5. Despite the myriad of articles and sound bites about the latest achievements of Dubai, works dedicated to an in depth analysis of the city state have been extremely sparse. Search Dubai in Amazon and nearly all the books published were travel guides, with the exception of the book Dubai & Co.: Global Strategies for Doing Business in the Gulf States. There is a smattering of outdated literature about the UAE, but this does not little to illuminate the underlying trends and contradictions of the Emirate. Therefore Christopher M Davidson’s academic work is particularly interesting and timely. Titled the vulnerability of success, this book has become the `go to’ for a history of the Emirate and the ability to put the current achievements in context.

    Upon starting the book, I immediately skipped from the 19th century tribal histories to the last chapter on the eponymous `Vulnerabilities of Success’. I was disappointed to find little that had not already been discussed in further detail elsewhere. For example, the subsection: `Present threat of Terror’ merited only 2 pages, and the dynamics of the economy in the last few years seems largely neglected. For those looking for an up to date picture of Dubai politics and economics, even The Report Dubai 2007 contains more depth. But lacking any other reading material on Dubai, I flipped back to 19th century tribal politics.

    Despite his title, Davidson’s work on the history of Dubai is the core of this book, and where he certainly has the most to contribute. Through his narrative it becomes clear how far back the tradition of capitalism and immigration extend, exemplified in the anecdote that “Some of the earliest motorcars imported into Dubai were purchased for the expressed purpose of bringing Pakistanis across the mountains from Fujairah so they could work without the need for visas or time consuming paperwork.” (91) Davidson also gives satisfactory answers to some of the most vexing questions about demographics, such as stating authoritatively that nationals account for only 4% of the population, and that 75% of the population is male. (168, 192) Finally, he manages to provide a complete picture of Dubai’s role in the UAE and the gulf. One revelation is that the UAE actually convinced Saddam to leave power:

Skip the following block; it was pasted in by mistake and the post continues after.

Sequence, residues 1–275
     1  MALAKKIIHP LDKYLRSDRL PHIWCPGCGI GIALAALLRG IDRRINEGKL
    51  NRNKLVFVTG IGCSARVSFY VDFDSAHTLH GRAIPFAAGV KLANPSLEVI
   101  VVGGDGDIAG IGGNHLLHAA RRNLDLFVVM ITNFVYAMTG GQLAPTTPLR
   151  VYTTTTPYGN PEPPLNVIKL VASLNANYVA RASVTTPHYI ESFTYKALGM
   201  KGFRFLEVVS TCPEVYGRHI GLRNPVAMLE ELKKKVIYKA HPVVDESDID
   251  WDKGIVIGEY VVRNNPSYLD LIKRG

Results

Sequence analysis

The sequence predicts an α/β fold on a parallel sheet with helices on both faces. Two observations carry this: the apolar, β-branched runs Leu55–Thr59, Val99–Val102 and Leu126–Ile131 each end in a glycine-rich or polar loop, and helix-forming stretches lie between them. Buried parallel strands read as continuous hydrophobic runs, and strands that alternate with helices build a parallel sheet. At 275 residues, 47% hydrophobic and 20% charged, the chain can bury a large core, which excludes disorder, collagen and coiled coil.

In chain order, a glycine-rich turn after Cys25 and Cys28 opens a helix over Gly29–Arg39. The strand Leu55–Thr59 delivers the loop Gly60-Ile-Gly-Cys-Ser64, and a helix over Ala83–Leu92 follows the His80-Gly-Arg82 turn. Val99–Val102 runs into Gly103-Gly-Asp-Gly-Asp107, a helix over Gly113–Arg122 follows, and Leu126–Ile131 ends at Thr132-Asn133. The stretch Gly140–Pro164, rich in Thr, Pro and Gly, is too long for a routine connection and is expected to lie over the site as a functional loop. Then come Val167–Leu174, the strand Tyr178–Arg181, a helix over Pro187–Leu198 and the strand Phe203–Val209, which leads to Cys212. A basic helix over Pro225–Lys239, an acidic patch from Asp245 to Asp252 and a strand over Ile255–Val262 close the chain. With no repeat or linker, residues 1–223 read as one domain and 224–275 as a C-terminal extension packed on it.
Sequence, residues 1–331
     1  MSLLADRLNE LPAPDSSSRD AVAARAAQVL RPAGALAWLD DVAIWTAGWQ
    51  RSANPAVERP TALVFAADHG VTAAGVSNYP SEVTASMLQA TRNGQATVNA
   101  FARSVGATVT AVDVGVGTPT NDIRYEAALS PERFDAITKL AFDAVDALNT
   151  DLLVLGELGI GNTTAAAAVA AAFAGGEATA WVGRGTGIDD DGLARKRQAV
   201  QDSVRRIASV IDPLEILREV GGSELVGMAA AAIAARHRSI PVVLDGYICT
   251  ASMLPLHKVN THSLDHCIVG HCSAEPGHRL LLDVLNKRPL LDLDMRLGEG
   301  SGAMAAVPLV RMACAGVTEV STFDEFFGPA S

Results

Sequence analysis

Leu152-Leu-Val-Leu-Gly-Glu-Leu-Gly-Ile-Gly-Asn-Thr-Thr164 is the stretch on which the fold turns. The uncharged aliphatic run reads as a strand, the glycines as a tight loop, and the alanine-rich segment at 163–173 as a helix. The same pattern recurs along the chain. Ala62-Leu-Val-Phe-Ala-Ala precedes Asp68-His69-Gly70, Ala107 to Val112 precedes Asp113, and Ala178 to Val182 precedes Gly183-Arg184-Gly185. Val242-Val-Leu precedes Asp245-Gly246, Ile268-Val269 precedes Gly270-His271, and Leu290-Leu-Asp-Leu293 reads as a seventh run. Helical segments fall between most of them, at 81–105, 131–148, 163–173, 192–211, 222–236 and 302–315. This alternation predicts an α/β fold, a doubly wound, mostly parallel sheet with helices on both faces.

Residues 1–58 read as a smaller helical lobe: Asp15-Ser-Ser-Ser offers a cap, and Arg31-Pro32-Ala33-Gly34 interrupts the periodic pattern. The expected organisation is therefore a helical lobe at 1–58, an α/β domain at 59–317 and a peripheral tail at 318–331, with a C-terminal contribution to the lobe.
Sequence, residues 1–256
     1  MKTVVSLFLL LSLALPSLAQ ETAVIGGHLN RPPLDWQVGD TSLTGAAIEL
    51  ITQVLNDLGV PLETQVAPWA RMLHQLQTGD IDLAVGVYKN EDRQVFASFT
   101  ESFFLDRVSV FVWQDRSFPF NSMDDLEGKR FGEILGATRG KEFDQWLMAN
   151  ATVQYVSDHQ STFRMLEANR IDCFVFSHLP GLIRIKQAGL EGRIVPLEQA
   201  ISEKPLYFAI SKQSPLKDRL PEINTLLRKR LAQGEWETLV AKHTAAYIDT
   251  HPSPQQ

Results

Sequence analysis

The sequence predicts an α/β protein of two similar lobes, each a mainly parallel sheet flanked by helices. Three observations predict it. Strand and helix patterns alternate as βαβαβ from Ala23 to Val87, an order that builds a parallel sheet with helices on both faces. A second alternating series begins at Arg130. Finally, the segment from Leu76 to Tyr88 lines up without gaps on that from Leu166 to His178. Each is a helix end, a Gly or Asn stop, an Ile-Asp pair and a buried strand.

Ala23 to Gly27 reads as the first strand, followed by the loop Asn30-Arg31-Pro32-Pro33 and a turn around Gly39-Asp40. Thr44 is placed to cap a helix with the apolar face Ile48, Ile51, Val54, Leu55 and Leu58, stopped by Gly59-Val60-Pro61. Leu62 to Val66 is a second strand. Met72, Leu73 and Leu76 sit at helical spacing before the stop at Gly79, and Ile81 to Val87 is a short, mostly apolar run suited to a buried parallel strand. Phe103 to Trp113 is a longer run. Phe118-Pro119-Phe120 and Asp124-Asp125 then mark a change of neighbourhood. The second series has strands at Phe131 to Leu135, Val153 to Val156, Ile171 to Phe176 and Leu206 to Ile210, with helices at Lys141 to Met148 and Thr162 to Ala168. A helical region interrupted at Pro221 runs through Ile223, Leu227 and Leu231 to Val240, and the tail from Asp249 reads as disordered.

The UAE also tried to head off the 2003 Anglo-American invasion of Iraq by offering Saddam Hussein and his family sanctuary on the condition that he respected Bush’s ultimatum and left Iraq. Although it would appear that Saddam actually accepted this proposal, only for the Arab League to later force the UAE to withdraw it on the grounds that it represented interference in a fellow member’s internal affairs. (p. 168 from Sheikh Muhammad bin Zayed in 2005)

    Another is the recent integration of Dubai’s forces into the UAE network, and the Unions attempts to cozy up to numerous western powers.

    In sum, this is the reference book that lays the groundwork for further research on Dubai’s history. While weak in analyzing emerging trends, Davidson’s is valuable due to a thorough and interesting investigation into the context of the phenomenon that is Dubai.

    Rating: 4 / 5